Bethan Cullinane (Fool) and Joseph Marcell (Lear) in King Lear, Shakespeare's Globe
The success or failure of Lear depends ultimately on the actor in the title role. In this production it was Joseph Marcell, who has a history with the role, having been the first black Lear for the Royal Shakespeare Company. Marcell had the pompous and infantile qualities of the character -- a powerful tyrant who often acts like a spoiled child -- as well as his rages, but although he caught many nuances of the old king's failing mind, the final third of the play dragged. Part of that is Shakespeare's fault, but a more varied expression of Lear's grief could have helped. The tragedy of the play is undermined -- or lightened, according to your preferences -- in this production by some song and dance numbers. The gallows humor of these numbers, with Alex Silverman credited as composer and Georgina Lamb as choreographer, was mostly a nice touch, the only exception being the one that closed the performance, spoiling the catharsis of Lear's demise.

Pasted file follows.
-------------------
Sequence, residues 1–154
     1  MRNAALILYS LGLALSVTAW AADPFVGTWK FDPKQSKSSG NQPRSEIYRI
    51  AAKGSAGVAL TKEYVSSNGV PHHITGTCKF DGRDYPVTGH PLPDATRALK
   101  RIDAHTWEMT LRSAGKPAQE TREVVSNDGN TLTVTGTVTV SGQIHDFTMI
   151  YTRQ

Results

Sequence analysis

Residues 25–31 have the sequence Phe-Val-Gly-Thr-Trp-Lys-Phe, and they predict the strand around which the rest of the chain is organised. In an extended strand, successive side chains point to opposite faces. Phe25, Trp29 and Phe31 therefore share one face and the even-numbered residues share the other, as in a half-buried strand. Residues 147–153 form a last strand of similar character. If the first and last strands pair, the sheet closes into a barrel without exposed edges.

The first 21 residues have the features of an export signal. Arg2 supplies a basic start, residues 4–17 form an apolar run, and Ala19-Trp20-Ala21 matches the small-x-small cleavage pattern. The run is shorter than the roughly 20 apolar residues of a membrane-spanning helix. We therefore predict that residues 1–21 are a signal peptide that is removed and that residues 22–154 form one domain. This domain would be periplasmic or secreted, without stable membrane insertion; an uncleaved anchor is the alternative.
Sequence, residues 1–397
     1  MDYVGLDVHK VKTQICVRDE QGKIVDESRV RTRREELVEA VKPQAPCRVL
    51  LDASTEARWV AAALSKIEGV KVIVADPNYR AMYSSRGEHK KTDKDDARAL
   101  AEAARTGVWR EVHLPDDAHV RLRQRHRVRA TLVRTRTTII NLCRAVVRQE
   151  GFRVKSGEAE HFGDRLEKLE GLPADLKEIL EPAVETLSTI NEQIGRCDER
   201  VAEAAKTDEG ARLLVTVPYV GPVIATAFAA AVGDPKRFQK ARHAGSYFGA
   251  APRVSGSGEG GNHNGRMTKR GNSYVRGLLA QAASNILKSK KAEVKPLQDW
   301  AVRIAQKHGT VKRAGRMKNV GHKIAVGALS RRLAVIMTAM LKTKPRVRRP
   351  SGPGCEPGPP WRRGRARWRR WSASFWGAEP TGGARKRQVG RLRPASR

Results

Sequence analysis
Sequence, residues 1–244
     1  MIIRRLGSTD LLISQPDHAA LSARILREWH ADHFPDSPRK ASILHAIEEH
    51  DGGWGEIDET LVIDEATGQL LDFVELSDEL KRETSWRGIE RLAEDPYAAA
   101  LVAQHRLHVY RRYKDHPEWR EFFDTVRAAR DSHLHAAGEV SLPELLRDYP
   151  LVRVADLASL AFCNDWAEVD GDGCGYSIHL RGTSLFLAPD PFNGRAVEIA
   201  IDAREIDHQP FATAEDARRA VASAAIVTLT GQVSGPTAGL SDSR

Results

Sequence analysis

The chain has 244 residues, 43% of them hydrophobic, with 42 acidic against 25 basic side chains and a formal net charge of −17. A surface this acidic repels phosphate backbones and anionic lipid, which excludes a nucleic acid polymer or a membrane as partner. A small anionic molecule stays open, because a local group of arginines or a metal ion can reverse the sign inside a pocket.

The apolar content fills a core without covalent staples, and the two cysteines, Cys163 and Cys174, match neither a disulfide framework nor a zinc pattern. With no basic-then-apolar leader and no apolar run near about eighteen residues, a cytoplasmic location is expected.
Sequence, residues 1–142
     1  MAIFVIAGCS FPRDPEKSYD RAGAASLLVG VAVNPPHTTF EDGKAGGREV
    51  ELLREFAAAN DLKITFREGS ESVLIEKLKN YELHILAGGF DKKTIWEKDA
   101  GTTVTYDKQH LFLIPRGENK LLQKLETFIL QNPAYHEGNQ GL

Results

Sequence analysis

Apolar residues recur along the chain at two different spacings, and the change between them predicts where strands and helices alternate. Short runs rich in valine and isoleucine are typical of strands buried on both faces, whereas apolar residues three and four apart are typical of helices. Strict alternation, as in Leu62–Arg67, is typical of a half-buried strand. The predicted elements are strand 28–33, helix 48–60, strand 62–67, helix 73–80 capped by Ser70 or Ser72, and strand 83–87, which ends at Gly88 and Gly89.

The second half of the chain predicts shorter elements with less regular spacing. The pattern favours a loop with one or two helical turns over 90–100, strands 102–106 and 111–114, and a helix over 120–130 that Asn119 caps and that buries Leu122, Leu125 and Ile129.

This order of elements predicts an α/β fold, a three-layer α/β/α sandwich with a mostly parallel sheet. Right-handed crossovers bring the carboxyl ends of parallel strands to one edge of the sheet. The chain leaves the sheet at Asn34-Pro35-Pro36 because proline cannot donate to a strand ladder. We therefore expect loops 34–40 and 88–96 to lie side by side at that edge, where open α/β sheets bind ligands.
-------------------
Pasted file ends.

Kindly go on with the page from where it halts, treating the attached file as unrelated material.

Peter Marks, A well-played, compact ‘King Lear’ at Folger Theatre (Washington Post, September 10)
---, Here a ‘Lear,’ There a ‘Lear’ (Washington Post, August 23)
Gary Tischler, Who is Lear? Next month at the Folger: Joseph Marcell (The Georgetowner, August 28)
The rest of the cast is fine but not quite at that level, with the exception of the noble Earl of Gloucester and Duke of Albany of John Stahl. Gwendolen Chatfield (Goneril) and Shanaya Rafaat (Regan) were venomous and spiteful, and Alex Mugnaioni was a little too spastic in expression as Edgar and the Duke of Cornwall, but the same tics suited his Mad Tom to a tee. Bill Nash was a rough-neck Earl of Kent, appropriately enough in the guise of the servant later, and Daniel Pirrie was an oily Edmund, although the scene in which he had to play both that role and Oswald simultaneously was not worth the laughs the actors played for, or the embarrassment. This was the low point of an otherwise charming production directed by Bill Buckhurst, set in a sort of rundown 20th century (designed by Jonathan Fensom). The staging went for laughs where it could, which is laudable to a degree in this often dreary play, but it is also important to give tragedy the room it deserves.
This production continues through September 21, at the Folger Shakespeare Theater.